I was just going over the manual (trying to find what volumes my marks on my tie rod are) and ran across this statement. Check out section 11.6 (page 14) titled Hop Boiling. It says that by default the timer should start once the unit has achieved 95C for 3 minutes regardless of whether or not it hits or stays at 100c.

http://www.speidels-braumeister.de/...g_Braumeister_20l-50l_Maerz_2011_englisch.pdf
 

makomachine

Well-Known Member
Joined
Jun 23, 2011
Messages
966
Reaction score
20
Location
Tuttle
I was just going over the manual (trying to find what volumes my marks on my tie rod are) and ran across this statement. Check out section 11.6 (page 14) titled Hop Boiling. It says that by default the timer should start once the unit has achieved 95C for 3 minutes regardless of whether or not it hits or stays at 100c.

http://www.speidels-braumeister.de/...g_Braumeister_20l-50l_Maerz_2011_englisch.pdf
Thanks Rob. I actually had it work this past weekend at 99F peak so think I wasn't being patient enough last time. I know it sure seemed longer than 3 minutes before I gave up and went manual - but given the situation that day I'm guessing I gave up too soon.
 

Yambor44

Well-Known Member
Lifetime Supporter
Joined
Nov 19, 2008
Messages
2,106
Reaction score
77
Location
Ocala Florida
Thanks Rob. I actually had it work this past weekend at 99F peak so think I wasn't being patient enough last time. I know it sure seemed longer than 3 minutes before I gave up and went manual - but given the situation that day I'm guessing I gave up too soon.
Yeah, it also says you can raise the temp to 102c for a more continuous boil (as we all do) but it doesn't say that takes it out of auto mode. I know I just press start and mine is already at 102c at it goes from there. But I don't see the timer run for the boil. I need to pay closer attention next time.
 

DeGarre

Well-Known Member
Joined
Jun 20, 2011
Messages
157
Reaction score
9
Location
Mommila
I am boiling at 102c and it stays at the auto mode the whole time: minutes are running down and in the end it says boil is finished, cheers, or summin' cheesy like that.
 

clasley

Active Member
Joined
Jul 28, 2008
Messages
41
Reaction score
1
Location
Conway
Yambor - yes, I'm simply replacing what I loose to grain absorption. I've embraced metric since I got the SBM. It hurts a little at first but you get over it. ;~)

-Chris
 

Sudz

Supporting Member
HBT Supporter
Joined
May 9, 2008
Messages
366
Reaction score
31
Location
OKC America
Hi guys...

I've been reading this thread for days with great interest. I have been in the process of building a very similar system without ever having heard of BM. It's been good to hear about the various issues you've encountered and I'm anxious to see how my device compares....when finished. It's the same basic flow and strategy for brewing (BIAB - brew in a bucket) however it uses gas and the controller is a multi-step model from Omega which obviously requires greater human direction.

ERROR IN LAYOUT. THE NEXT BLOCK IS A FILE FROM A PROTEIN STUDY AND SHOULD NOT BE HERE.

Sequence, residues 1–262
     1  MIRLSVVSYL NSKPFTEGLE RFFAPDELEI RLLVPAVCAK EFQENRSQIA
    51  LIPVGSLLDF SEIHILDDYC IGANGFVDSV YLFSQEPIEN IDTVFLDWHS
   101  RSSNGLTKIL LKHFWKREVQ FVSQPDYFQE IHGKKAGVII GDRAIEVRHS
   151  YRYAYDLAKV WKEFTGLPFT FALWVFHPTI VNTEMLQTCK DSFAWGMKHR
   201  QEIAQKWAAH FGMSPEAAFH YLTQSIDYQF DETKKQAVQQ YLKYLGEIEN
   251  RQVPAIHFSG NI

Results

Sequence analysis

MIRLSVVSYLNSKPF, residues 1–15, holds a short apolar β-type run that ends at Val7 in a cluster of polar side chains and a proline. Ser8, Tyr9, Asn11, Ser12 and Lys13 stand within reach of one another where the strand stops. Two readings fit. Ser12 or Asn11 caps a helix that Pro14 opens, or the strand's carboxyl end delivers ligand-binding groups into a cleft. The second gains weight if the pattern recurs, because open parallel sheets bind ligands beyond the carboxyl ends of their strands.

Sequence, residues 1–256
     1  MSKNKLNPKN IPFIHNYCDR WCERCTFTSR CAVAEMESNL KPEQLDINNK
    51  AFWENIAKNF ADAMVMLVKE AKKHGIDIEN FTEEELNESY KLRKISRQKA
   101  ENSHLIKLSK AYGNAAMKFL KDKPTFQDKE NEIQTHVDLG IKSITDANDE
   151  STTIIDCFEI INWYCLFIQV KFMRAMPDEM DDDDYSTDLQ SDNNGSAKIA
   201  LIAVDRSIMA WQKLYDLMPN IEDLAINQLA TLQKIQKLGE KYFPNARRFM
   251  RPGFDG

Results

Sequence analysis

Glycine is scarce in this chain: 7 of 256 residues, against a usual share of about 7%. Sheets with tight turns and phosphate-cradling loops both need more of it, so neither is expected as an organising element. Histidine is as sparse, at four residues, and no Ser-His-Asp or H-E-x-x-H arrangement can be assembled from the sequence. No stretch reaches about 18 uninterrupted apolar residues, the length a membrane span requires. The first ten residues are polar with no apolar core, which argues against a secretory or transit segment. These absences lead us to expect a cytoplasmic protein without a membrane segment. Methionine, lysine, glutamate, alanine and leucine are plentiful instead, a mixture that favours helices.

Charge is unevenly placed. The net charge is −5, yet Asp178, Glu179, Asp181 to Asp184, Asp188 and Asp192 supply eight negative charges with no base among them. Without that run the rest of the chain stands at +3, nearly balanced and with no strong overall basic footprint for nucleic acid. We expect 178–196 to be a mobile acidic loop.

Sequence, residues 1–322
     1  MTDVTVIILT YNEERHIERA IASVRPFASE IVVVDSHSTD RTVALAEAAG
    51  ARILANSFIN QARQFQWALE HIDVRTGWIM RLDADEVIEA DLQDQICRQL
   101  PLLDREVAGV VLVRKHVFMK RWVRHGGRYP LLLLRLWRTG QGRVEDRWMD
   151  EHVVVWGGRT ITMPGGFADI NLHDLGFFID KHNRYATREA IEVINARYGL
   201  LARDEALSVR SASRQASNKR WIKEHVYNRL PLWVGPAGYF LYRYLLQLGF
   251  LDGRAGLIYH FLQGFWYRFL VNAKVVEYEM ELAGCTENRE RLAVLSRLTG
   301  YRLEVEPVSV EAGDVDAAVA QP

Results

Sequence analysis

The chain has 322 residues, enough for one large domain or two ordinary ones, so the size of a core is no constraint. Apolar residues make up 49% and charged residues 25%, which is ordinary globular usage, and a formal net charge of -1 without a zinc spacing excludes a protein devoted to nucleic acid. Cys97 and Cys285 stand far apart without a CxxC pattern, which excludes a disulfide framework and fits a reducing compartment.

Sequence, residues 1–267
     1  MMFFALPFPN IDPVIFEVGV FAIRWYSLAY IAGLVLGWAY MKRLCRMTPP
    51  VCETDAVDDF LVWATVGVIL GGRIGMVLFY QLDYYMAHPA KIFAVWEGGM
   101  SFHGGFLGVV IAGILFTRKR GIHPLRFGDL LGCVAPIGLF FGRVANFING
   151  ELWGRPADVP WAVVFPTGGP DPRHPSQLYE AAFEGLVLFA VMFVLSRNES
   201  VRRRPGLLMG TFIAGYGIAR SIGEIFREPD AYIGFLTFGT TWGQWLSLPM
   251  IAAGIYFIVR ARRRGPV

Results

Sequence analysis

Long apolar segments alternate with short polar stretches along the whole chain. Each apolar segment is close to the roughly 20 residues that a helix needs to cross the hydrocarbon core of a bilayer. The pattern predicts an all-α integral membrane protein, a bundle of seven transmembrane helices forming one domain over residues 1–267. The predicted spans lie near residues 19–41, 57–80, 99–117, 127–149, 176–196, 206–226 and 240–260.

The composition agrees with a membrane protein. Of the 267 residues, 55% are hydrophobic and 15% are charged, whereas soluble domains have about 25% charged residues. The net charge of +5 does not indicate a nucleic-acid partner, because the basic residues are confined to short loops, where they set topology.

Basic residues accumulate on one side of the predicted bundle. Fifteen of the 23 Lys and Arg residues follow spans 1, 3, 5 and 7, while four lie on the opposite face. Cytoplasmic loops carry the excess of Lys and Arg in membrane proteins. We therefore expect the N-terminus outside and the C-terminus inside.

I did read that someone may have started a separate thread related to the BM technology for those of us who get off on building a better mousetrap. I enjoy the tinkering around almost as much as brewing.

Anyway, any idea if this thread ever developed or how to find it maybe?
 

rlhvegas

Well-Known Member
Lifetime Supporter
Joined
May 25, 2009
Messages
165
Reaction score
8
Location
Las Vegas
I had the same issue with the boil in auto mode, not starting the timer because temp was not reached. I had to manually time it. My issue is that even with the thermal jacket and ambient Las Vegas temps being 90-100 degrees F, I can't get the boil more then 97C! Anyone have this same issue?
 

makomachine

Well-Known Member
Joined
Jun 23, 2011
Messages
966
Reaction score
20
Location
Tuttle
I had the same issue with the boil in auto mode, not starting the timer because temp was not reached. I had to manually time it. My issue is that even with the thermal jacket and ambient Las Vegas temps being 90-100 degrees F, I can't get the boil more then 97C! Anyone have this same issue?
My timer started this past weekend in auto mode - did you give it the full 3 minutes? In OK I'm getting 99 and holding, but never hits 100. Boil is strong though so not worried about efficiency of the unit with the jacket. Were you getting a good boil at 97?
 

rnarzisi

Member
Joined
Jan 4, 2010
Messages
23
Reaction score
1
Location
seattle
Air pressure affects the boiling point. Water doesn't always boil at 212 degrees F. It only boils at 212 at sea level with pressure at around 14 psi. As you increase altitude, this pressure drops, thus, water will boil at a lower temperature. Roughly, the temperature at which water will boil drops just under 1 degree per 550 ft. Las Vegas, which is at 2174 above sea level (at least the airport is) would have a boiling point of roughly 208F or 97.7C.
 

rlhvegas

Well-Known Member
Lifetime Supporter
Joined
May 25, 2009
Messages
165
Reaction score
8
Location
Las Vegas
I was getting a decent boil at 97F, but the issue was the timer, if it fell to 96F-95F the timer would stop counting down, I had to manually time my boil using my watch. Thank you for the altitude explanation, makes me feel better, I thought there was something possibly wrong with my system.
 

Kimosabe

New Member
Joined
Aug 18, 2011
Messages
2
Reaction score
0
Location
Amsterdam